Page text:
A new selection of Texan, Chinese, and Italian cookbooks
Capon on Cooking, by Robert Farrar Capon (Houghton Mifflin, $14.95). Whether he is praising the virtues of the scallion, striking a blow for salt, or giving advice for leftovers, this author is always surprising and amusing.
Fr. Capon, an Episcopal priest, has been writing about food for several years. His approach to cooking is inventive, but the recipes and tips in this book are workable as well as witty.
Chef Chu's Distinctive Cuisine of China, by Chef Lawrence C.C. Chu (Harper & Row, $22.50).
This excellent book on Chinese cooking is also very beautiful, with both black and white and color photographs.
Expecting to follow in the footsteps of his architect father, Chef Chu worked in restaurants to put himself through college. He now gives cooking lessons at his own successful Los Altos, Calif., restaurant.
He tells how to visualize a dish before you begin cooking, explains the essential cooking and cutting techniques, and includes family-style recipes used in Chinese homes.
California Cooking, by Mable and Gar Hoffman (HP Books, $7.95).
These best-selling authors take you on a tour of their home state with more than 200 tempting recipes for sourdough bread, Dungeness crab, California kiwi fruit, and dishes with a Mexican influence, such as Baja Quiche and Mexican Lasagne.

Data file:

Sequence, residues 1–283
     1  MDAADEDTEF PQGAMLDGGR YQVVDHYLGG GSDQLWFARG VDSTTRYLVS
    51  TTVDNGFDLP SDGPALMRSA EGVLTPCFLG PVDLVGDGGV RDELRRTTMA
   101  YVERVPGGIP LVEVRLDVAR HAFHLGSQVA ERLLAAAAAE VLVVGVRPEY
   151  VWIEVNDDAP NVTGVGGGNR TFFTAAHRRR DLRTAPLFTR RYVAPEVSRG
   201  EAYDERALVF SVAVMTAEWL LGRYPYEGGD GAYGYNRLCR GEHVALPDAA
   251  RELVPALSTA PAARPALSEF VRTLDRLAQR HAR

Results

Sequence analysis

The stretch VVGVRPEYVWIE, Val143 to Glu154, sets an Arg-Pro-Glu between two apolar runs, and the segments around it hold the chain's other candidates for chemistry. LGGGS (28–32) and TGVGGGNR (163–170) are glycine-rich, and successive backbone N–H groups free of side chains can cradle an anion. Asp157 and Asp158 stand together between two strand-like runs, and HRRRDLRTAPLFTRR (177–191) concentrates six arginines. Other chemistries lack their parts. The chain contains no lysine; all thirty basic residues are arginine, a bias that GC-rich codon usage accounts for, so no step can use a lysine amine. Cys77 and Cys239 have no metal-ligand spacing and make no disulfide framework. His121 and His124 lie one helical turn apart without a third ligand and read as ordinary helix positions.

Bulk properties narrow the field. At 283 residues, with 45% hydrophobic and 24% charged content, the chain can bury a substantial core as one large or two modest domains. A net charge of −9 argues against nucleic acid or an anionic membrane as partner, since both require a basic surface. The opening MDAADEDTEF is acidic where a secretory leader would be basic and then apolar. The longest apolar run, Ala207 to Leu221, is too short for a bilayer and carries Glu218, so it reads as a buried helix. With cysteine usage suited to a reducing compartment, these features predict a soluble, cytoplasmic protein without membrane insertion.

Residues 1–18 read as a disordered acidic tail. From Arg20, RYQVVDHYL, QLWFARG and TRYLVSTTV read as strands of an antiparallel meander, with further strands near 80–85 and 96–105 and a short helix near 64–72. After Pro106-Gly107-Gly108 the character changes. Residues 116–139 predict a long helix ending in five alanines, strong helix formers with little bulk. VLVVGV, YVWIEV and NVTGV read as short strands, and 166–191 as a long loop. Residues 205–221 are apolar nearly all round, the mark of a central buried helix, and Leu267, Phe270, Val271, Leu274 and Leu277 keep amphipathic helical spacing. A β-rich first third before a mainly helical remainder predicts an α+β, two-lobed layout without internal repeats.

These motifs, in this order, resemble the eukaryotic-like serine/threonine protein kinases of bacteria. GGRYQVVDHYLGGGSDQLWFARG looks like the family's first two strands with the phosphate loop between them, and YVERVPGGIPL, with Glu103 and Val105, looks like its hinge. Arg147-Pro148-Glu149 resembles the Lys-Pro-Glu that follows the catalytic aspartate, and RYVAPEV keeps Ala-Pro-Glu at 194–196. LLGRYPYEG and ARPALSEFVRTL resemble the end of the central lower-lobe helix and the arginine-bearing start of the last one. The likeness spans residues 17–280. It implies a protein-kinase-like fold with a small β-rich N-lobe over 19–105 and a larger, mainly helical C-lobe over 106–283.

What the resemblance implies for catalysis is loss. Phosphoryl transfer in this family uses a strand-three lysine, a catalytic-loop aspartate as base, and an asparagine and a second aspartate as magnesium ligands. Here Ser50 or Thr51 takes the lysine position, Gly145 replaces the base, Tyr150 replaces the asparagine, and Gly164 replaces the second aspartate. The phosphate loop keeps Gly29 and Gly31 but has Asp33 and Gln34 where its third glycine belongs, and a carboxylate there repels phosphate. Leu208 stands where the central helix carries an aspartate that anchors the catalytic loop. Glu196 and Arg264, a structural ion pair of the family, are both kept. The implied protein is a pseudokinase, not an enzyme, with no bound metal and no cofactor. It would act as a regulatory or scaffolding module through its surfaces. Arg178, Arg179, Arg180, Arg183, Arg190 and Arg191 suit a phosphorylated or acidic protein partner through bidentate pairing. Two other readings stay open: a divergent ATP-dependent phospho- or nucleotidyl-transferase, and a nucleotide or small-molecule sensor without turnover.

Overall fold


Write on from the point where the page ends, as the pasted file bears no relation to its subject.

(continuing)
Typical of this publisher, it is a colorful, large, soft-cover book, and Mable Hoffman provides explicit directions. Helpful pictures of California ingredients go along with the recipes.
The Edna Lewis Cookbook, by Edna Lewis and Evangeline Peterson (Ecco Press, $ 13.50).
This is Edna Lewis's second book about food, and it has the same charm and warmth as her first, with its combination of Southern American cooking and sophistication.
Evangeline Peterson, an accomplished cook, has added to the collection of excellent recipes, and both make a strong plea for the use of fresh herbs to give distinction to many dishes, which they have arranged in menu form and organized according to the seasons of the year.
The Joy of Pasta, by Joe Famularo and Louise Imperiale (Barron's, $12.95).
Most of your favorite pasta dishes are probably in this book, with its recipes for pasta with butter, cream, and cheese, Pasta Primavera, Baked and Molded Fettucine, Lasagna With Duck - and many more.
The authors, brother and sister, learned about making pasta from their Italian mother, and their new book has easy directions for making it at home. Most intriguing are recipes that are not for restaurant-type fare, but good Italian home dishes with sauces in every conceivable form.
The Star of Texas Cookbook, by the Junior League of Houston Inc. (Doubleday & Co., $19.95).
Texas eating at its best is all here - Artichoke Fritters, Bacon and Corn Spoonbread, Longneck Jalapeno Quiche, Red Snapper Veracruz, and Wild Game Gumbo.
These, plus continental fare, reflect the pioneer energy, the hospitality, and the sophistication of this modern-day boomtown.
Descriptions of landmarks and historic spots of the city are colorful. And the special ideas for hearty country breakfasts, fiestas, light luncheons, and formal dinners are delightful.
Glorious Desserts, by Carol Bowen (Barron's, $12.95).
One glance at this book makes it increasingly obvious that we are currently experiencing a revival of old-fashioned, rich desserts.
The spectacular color photos could persuade the most Spartan of cooks to go light on the main course and make dessert the crowning glory of the meal.
A Chocolate Filbert Meringue, a Bubbling Plum and Orange Compote, and a Speedy Raspberry Charlotte are beautifully pictured.
There are simple desserts, too, such as Prune Whip, Apple Fritters, and Blueberry Pancakes With Honey.